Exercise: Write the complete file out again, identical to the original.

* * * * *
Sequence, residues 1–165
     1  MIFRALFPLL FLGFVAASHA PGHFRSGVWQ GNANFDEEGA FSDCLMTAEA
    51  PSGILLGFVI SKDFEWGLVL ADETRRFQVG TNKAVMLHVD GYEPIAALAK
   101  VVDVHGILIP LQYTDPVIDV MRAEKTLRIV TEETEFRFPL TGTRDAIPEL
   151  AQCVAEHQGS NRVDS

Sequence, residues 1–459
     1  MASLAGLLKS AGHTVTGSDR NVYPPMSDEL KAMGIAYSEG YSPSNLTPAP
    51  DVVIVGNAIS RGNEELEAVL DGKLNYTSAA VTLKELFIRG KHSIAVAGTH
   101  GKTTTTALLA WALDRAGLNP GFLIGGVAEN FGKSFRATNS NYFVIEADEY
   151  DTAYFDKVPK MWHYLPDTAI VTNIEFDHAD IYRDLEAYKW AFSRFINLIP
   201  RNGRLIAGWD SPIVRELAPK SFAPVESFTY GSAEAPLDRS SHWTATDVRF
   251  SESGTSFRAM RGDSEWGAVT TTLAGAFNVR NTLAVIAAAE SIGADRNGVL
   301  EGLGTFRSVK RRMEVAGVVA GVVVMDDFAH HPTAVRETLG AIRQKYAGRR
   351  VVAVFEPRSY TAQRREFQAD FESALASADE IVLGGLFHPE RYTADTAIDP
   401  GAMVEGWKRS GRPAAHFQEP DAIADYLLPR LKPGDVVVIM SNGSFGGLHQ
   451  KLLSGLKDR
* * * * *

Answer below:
Sequence, residues 1–165
     1  MIFRALFPLL FLGFVAASHA PGHFRSGVWQ GNANFDEEGA FSDCLMTAEA
    51  PSGILLGFVI SKDFEWGLVL ADETRRFQVG TNKAVMLHVD GYEPIAALAK
   101  VVDVHGILIP LQYTDPVIDV MRAEKTLRIV TEETEFRFPL TGTRDAIPEL
   151  AQCVAEHQGS NRVDS

Sequence, residues 1–459
     1  MASLAGLLKS AGHTVTGSDR NVYPPMSDEL KAMGIAYSEG YSPSNLTPAP
    51  DVVIVGNAIS RGNEELEAVL DGKLNYTSAA VTLKELFIRG KHSIAVAGTH
   101  GKTTTTALLA WALDRAGLNP GFLIGGVAEN FGKSFRATNS NYFVIEADEY
   151  DTAYFDKVPK MWHYLPDTAI VTNIEFDHAD IYRDLEAYKW AFSRFINLIP
   201  RNGRLIAGWD SPIVRELAPK SFAPVESFTY GSAEAPLDRS SHWTATDVRF
   251  SESGTSFRAM RGDSEWGAVT TTLAGAFNVR NTLAVIAAAE SIGADRNGVL
   301  EGLGTFRSVK RRMEVAGVVA GVVVMDDFAH HPTAVRETLG AIRQKYAGRR
   351  VVAVFEPRSY TAQRREFQAD FESALASADE IVLGGLFHPE RYTADTAIDP
   401  GAMVEGWKRS GRPAAHFQEP DAIADYLLPR LKPGDVVVIM SNGSFGGLHQ
   451  KLLSGLKDR